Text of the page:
In case you missed it, many of you smarties dispensed an overflowing bathtub’s worth of great bathroom remodeling tips during our month-long Water-Wise Bathroom Redo project. Now it’s our turn to give some of these worthy ideas a shout-out. (Comments are organized by topic and edited for length.)
Planning a bath makeover
1. Do your planning as if it were an empty room.
- Are the fixtures placed in the most advantageous places in the room?
- Can they be moved?
- Can the space be expanded?
- Visit model homes and open houses to get ideas of what other home owners have done. — William
Buying and installing fixtures
2. You can save a lot of money by going to a Habitat for Humanity Restore for fixtures, tiles, and towel racks. — Annalisa
3. Check with some of the big-box stores and see if they’ll take [an old toilet] in trade. Sometimes you can save a few pennies on a new one that way and then they will dispose of [the old one]. [With a small footprint,] consider some of the shallower vanities, which will give you more floor space, or even a floating vanity, which will help the room look larger. — Christine
4. A trick that might help with shower arm removal/installation: Buy an oil filter wrench at an auto store — the kind that has a handle and a rubber belt that adjusts by slipping through an eye in the handle. You can easily adjust it to fit the pipe and it doesn’t mar the finish. — Mike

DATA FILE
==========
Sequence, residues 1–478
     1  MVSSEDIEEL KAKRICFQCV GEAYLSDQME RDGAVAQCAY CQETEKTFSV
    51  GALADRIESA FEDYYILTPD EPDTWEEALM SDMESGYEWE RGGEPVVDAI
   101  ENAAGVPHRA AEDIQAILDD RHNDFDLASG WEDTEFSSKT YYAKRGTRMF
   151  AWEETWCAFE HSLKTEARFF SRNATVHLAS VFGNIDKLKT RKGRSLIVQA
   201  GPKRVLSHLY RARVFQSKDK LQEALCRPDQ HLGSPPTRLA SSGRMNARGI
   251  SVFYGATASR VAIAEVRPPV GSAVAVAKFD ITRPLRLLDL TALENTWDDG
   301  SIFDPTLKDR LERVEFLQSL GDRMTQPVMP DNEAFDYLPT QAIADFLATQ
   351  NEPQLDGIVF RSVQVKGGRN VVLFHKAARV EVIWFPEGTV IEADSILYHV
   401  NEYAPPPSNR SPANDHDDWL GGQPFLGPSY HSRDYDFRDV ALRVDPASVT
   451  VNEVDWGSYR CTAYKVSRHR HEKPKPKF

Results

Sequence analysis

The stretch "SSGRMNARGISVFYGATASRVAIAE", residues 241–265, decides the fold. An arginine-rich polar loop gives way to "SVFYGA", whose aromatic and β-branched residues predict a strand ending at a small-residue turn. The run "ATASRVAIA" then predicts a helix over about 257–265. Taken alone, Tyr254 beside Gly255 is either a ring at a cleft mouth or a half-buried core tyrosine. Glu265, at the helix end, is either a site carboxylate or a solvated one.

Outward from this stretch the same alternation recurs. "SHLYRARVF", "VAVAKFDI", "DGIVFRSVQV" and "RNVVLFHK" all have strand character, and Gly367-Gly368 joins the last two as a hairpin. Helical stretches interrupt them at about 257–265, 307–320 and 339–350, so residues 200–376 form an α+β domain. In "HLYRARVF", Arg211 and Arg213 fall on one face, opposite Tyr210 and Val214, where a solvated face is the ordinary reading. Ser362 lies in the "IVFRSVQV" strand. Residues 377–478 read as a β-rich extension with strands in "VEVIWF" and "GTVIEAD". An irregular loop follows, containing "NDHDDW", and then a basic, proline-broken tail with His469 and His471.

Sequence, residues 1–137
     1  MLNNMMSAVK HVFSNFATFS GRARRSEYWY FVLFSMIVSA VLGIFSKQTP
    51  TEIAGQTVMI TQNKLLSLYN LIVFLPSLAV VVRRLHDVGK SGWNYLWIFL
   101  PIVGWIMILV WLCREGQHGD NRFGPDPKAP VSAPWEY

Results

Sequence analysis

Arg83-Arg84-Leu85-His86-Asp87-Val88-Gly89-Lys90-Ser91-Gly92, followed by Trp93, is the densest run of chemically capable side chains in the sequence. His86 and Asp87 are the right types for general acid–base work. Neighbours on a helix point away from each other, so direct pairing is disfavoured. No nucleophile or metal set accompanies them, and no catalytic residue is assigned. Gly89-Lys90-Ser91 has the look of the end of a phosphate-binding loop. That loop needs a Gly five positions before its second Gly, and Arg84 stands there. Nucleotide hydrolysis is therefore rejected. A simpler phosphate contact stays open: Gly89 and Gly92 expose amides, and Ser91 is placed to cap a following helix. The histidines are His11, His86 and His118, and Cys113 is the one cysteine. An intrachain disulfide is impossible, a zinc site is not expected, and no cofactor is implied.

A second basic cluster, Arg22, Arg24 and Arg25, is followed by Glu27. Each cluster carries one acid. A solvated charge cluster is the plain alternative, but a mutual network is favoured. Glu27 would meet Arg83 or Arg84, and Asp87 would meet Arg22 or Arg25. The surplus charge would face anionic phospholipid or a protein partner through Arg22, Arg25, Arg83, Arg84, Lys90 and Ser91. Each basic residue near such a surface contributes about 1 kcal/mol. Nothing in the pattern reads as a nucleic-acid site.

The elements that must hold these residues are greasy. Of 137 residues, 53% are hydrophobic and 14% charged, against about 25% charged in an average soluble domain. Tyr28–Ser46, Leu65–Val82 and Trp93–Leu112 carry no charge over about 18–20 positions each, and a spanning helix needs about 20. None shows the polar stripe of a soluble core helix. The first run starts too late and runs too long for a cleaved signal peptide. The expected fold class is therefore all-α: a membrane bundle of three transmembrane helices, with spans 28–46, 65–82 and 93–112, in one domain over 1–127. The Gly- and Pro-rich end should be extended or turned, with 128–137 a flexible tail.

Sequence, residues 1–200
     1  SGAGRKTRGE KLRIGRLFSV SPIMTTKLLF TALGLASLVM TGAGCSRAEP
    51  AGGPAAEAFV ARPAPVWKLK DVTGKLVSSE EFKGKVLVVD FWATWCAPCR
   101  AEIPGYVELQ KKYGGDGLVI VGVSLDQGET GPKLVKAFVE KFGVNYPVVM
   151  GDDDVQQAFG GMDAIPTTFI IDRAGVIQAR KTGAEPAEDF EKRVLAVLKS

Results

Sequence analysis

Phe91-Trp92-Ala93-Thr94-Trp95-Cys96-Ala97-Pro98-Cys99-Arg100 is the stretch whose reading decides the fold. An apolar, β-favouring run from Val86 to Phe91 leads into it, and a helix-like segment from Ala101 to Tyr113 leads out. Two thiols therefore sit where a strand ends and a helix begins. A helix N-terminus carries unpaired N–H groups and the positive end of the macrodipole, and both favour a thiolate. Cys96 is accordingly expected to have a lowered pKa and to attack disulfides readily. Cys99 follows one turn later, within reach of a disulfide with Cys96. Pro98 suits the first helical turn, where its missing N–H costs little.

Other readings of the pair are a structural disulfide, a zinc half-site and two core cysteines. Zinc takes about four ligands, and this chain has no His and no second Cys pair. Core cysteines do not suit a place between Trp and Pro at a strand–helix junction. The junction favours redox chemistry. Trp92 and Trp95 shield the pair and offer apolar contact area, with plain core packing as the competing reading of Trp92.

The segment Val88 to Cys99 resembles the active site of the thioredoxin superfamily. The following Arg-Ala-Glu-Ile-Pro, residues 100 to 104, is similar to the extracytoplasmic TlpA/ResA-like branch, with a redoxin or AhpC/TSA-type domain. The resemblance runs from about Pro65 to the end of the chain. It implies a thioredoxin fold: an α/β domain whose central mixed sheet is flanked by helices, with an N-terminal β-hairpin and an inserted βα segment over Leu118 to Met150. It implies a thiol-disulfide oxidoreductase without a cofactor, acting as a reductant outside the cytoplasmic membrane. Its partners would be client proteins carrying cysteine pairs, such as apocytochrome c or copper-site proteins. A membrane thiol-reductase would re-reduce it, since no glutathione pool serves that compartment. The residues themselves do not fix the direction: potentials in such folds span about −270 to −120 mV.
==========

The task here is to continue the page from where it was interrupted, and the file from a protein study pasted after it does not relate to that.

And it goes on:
5. Sometimes paint and accessories/fixtures make all the difference. Plus the added shower, however small, is hidden up the steps and behind the wall. (See below) Will be great for resale. — Jessica
6. Cheapest, most cost-effective modification:
- Remove the shower head.
- Cut a circle from side of plastic milk jug sized to fit the interior of shower pipe.
- Cut an X in the center of the circle.
- Insert pipe, reapply teflon tape, and screw shower head back on.
- Use a 5 gallon bucket to measure amount of water coming out in a minute’s time.
You may need to adjust the cut to get a lower flow. It took me three tries to reach 1.5 gallons per minute. (My husband never guessed it had been done!!) But it’s now 2 gallons/minute less. — EB
7. The bathroom redo pictured below includes:
- Low-flow faucets
- Tiled showers
- Only one tub in the master bath
- Roman slate (helps keep baths clean and warm when showering)
- Floor drains (no more accidents and it’s easy to clean the floors when baths are done)